In Sula, the concept of class and its relation to sex and race occupies much of Morrison’s attention as she chronicles the development of Sula and Nel. A few fundamental concepts shape Morrison’s vision of the human condition—particularly, as critic Dorothy Lee points out, her preoccupation with how a community affects the individual’s achievement and retention of an acceptable self.
The African American citizens of “the Bottom” were victims of a cruel joke begun by the white farmer who gave the hilly land its ironic name by refusing to surrender to the slave the land that he deserved. Although African Americans work hard and serve their country in war, their rewards are few. Morrison’s presentation provides a bleak look at a community suffering from oppression and the denial of rewards or even acknowledgment. The men are limited to menial jobs that do not even give them the pleasure of muscle-fatiguing labor; they cannot work on the tunnel. The women are placed in the positions of mothers, wives, or whores; there is no in-between. Though victims, they all victimize one another, maintaining a status quo that they themselves did not set.
Sula Peace is a significant part of this community’s history. As her name suggests, she seeks inner peace, a personal wholeness that the restrictions of life deny her. These restrictions are largely a result of limited traditional roles designated for women and racial prejudice aimed at African Americans. Determined to face life truthfully, Sula rebels against nearly all tradition and endures the wrath and scorn of her community. She embodies much of the frustration and pain of her community members.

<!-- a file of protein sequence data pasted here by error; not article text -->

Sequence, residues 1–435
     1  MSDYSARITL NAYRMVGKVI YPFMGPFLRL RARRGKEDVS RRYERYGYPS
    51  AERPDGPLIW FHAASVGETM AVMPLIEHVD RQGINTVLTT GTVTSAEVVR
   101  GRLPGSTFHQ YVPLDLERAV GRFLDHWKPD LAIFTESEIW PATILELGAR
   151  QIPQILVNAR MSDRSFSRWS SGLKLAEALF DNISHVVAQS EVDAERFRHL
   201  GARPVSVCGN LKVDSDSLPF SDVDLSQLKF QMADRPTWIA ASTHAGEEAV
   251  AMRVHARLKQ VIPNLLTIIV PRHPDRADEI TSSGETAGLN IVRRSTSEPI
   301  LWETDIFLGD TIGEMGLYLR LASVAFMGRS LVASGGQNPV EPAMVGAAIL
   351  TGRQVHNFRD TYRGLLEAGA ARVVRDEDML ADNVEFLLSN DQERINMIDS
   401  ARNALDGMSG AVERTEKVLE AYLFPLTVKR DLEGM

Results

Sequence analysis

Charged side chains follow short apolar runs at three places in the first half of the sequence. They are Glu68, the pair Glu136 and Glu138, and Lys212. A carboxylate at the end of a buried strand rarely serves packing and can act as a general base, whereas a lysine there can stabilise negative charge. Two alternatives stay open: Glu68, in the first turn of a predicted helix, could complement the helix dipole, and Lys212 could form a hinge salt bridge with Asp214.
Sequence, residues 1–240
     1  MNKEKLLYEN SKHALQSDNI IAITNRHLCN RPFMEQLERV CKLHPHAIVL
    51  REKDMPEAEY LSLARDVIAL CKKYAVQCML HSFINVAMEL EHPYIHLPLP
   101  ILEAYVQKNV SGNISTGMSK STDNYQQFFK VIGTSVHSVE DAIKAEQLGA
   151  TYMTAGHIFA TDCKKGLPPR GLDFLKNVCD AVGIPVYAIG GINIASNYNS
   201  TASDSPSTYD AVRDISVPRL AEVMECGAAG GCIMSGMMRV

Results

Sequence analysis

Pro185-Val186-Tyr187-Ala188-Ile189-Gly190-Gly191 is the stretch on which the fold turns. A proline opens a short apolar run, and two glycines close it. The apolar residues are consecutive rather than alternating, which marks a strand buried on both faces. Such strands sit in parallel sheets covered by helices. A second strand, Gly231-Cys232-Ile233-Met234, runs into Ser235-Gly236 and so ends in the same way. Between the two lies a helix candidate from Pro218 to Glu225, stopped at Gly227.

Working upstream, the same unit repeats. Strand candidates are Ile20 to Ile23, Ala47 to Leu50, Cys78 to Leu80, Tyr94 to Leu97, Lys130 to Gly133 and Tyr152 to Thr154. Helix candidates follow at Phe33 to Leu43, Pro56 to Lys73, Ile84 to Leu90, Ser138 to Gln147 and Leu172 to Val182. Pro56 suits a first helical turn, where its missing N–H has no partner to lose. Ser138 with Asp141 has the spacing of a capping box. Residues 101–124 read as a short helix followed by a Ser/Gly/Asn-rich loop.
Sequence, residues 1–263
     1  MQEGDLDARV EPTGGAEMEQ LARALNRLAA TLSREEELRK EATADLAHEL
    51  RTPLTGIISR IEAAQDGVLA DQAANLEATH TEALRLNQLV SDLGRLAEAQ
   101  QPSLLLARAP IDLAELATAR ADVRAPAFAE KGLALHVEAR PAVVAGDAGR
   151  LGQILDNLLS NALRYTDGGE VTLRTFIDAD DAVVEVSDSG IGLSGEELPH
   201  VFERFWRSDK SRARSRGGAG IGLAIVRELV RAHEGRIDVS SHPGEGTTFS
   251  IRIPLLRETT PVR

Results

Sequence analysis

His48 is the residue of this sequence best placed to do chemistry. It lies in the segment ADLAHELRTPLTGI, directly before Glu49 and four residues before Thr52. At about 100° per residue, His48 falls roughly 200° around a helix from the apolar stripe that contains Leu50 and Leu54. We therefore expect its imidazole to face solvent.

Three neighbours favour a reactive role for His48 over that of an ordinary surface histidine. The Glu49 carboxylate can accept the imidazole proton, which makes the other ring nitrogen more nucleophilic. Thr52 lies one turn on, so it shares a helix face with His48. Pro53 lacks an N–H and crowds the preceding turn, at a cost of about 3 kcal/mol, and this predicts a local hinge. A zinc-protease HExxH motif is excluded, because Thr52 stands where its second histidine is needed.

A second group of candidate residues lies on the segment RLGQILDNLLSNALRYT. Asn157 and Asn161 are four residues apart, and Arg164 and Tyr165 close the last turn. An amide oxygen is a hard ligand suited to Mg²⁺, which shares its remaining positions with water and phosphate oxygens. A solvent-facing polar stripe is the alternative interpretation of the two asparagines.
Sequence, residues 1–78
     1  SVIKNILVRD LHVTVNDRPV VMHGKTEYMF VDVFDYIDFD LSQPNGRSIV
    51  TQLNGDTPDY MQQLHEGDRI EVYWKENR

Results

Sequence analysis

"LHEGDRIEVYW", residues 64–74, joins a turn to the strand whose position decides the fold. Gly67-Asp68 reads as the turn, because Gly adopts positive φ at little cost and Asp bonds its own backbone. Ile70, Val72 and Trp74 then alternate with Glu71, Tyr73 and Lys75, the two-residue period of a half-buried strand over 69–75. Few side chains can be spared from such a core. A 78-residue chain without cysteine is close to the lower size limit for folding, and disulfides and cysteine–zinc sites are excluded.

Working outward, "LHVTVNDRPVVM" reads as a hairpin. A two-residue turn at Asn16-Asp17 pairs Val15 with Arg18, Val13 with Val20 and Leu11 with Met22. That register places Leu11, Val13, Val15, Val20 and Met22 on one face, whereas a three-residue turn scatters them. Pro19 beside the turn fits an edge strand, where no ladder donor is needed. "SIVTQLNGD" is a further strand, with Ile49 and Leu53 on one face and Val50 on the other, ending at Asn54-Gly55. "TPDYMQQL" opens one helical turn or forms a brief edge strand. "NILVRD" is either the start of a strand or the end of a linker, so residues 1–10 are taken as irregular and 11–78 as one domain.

Nel and Sula represent conformity and rebellion, respectively, to their community’s expectations. Nel marries a man from “the Bottom” and performs her duties, including sex, as a mother and wife. After her husband’s infidelity with Sula, Nel describes her thighs—a metaphor for her sexuality and her self—as “empty and dead.” Jude leaves Nel, and without the role as wife condoned by society, Nel becomes unsure of her identity.
Sula chooses to stand outside society, to define herself as a revolt against it. Unlike Nel, she ignores traditional roles and society’s expectations: “She went to bed with men as frequently as possible.” Consequently, Sula functions as pariah for her community: “She was pariah, then, and knew it. Knew that they despised her and believed that they framed their hatred as disgust for the easy way she lay with men.” Sula’s promiscuous behavior makes her the chaos and evil against which the community must define and protect itself.
Helene Wright attempts to transcend the boundaries set by race by denying her New Orleans roots, cleaning incessantly, and wearing nice clothes. Shadrack tries to cope with his pain by dedicating a special day to it. Eva copes with her pain by inflicting pain on herself and others.
The lack of a happy ending, the deaths of many community members near the end of the work, and the lack of cohesion in the 1965 community as emphasized by the narrator in the final chapter all indicate the power that Morrison perceives in communal energy. She seems to imply that without the strength and support that a healthy community provides—that is, a community made up of strong, supportive, loving individuals who are not oppressed and subjugated by society—the development of people into productive, content, spiritually whole individuals is stifled or, at worst, impossible.